Note 5—The 5-year aged values produced in Part A can be derived from the Part B data only if all other Part A requirements are met.
This test method addresses three separate elements relating to the aging of rigid closed-cell plastic foams.
Specimen Preparation—Techniques for the preparation of thin flat specimens, including their extraction from the “as manufactured” product, and the measurement of specimen thickness are discussed.
Measurement of the Thermal Resistance—Thermal resistance measurements, taken at scheduled times, are an integral part of the test method.
Interpretation of Data—Procedures are included to properly apply the theory and techniques to achieve the desired goals.
1.1 This test method covers a procedure for predicting the long-term thermal resistance (LTTR) of unfaced or permeably faced rigid gas-filled closed-cell foam insulations by reducing the specimen thickness to accelerate aging under controlled laboratory conditions (1-5) .
Note 1—See Terminology, 3.2.1, for the meaning of the word aging within this standard.
1.2 Rigid gas-filled closed-cell foam insulation includes all cellular plastic insulations manufactured with the intent to retain a blowing agent other than air.
1.3 This test method is limited to unfaced or permeably faced, homogeneous materials. This method is applied to a wide range of rigid closed-cell foam insulation types, including but not limited to: extruded polystyrene, polyurethane, polyisocyanurate, and phenolic. This test method does not apply to impermeably faced rigid closed-cell foams or to rigid closed-cell bun stock foams.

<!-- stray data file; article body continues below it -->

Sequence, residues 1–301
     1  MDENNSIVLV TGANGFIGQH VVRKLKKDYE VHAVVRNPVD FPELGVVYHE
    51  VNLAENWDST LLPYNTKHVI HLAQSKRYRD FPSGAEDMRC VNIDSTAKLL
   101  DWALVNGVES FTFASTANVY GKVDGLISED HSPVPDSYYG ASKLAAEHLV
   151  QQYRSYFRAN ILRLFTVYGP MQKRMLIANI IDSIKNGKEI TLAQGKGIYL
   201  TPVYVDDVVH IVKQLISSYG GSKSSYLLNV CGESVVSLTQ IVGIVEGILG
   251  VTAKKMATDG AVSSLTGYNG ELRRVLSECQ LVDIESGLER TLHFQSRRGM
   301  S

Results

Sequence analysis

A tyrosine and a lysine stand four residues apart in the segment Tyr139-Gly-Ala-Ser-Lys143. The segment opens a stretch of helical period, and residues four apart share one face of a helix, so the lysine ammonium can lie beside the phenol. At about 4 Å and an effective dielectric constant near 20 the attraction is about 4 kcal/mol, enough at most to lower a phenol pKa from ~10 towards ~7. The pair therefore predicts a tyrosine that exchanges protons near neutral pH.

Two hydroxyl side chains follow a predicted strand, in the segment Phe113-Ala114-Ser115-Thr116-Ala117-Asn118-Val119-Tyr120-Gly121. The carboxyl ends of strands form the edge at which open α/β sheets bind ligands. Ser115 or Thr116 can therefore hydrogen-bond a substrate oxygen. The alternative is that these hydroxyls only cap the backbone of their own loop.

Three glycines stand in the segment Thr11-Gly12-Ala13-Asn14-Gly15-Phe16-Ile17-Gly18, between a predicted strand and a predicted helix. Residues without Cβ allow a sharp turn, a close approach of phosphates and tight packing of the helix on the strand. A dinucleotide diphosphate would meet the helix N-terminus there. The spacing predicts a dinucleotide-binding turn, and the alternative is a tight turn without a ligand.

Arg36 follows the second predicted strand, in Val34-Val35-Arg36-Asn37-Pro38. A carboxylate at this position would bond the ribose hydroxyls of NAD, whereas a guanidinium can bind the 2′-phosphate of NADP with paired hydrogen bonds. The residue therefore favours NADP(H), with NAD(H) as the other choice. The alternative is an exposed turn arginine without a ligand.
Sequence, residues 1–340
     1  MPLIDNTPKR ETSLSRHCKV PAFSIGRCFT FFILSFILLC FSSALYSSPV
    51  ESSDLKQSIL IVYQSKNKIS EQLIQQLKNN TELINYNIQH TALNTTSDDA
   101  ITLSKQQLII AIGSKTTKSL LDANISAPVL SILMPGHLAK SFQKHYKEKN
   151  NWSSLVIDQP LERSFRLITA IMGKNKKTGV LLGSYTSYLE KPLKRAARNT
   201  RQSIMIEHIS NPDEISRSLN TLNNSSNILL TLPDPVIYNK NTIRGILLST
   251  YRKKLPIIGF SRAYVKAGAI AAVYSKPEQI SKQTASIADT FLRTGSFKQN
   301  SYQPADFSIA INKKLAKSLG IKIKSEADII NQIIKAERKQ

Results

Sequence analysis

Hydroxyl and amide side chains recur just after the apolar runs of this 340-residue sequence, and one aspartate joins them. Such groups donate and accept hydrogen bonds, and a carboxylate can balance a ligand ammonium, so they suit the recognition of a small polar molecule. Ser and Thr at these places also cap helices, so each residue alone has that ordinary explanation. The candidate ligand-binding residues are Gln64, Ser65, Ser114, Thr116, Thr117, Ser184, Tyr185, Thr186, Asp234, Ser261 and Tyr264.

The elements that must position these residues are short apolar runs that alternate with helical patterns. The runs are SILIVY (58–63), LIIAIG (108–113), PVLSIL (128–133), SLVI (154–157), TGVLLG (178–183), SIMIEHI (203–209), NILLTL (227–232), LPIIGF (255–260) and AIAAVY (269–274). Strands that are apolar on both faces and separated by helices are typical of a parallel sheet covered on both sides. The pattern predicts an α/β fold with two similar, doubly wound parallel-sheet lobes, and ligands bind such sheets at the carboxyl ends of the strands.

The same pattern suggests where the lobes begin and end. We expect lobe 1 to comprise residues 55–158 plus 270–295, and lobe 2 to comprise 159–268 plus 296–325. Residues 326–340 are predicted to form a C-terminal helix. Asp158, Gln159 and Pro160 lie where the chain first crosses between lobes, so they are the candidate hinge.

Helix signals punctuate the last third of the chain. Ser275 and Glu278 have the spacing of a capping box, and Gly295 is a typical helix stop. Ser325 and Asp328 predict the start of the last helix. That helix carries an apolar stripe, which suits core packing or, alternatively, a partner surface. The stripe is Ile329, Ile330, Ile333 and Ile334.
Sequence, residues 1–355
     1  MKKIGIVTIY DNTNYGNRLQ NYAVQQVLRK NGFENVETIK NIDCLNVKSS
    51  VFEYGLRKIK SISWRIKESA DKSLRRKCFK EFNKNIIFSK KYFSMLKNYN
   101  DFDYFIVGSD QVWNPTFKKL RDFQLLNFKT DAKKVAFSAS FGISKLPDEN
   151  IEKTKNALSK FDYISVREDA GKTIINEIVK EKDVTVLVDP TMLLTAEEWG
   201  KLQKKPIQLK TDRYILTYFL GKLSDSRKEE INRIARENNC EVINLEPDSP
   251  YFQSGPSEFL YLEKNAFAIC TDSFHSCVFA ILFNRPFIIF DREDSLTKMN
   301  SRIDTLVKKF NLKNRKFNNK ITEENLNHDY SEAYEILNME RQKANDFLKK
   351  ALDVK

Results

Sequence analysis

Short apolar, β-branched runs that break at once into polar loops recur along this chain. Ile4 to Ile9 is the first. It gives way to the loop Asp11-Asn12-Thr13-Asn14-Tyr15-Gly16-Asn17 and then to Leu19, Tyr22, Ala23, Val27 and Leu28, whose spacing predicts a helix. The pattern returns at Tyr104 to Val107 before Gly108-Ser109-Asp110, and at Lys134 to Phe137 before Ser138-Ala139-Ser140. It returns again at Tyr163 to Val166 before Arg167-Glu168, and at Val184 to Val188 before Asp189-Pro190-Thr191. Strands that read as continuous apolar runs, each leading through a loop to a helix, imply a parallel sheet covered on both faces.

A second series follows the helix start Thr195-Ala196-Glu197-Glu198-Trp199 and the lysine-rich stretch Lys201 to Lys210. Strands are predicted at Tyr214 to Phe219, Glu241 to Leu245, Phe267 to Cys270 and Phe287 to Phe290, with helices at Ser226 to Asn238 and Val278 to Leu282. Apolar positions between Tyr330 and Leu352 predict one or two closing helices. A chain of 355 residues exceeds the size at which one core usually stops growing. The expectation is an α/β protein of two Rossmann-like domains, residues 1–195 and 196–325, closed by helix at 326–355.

Note 2—See Note 8 for more details regarding the applicability of this test method to rigid closed-cell bun stock foams.
1.4 This test method utilizes referenced standard test procedures for measuring thermal resistance. Periodic measurements are performed on specimens to observe the effects of aging. Specimens of reduced thickness (that is, thin slices) are used to shorten the time required for these observations. The results of these measurements are used to predict the long-term thermal resistance of the material.
1.5 The test method is given in two parts. The Prescriptive Method in Part A provides long-term thermal resistance values on a consistent basis that can be used for a variety of purposes, including product evaluation, specifications, or product comparisons. The Research Method in part B provides a general relationship between thermal conductivity, age, and product thickness.
1.5.1 To use the Prescriptive Method, the date of manufacture must be known, which usually involves the cooperation of the manufacturer.
1.6 The values stated in either SI units or inch-pound units are to be regarded separately as standard. The values stated in each system may not be exact equivalents; therefore, each system shall be used independently of the other. Combining values from the two systems may result in non-conformance with the standard.
1.7 This standard does not purport to address all of the safety concerns, if any, associated with its use. It is the responsibility of the user of this standard to establish appropriate safety and health practices and determine the applicability of regulatory limitations prior to use.
1.8 Table of Contents: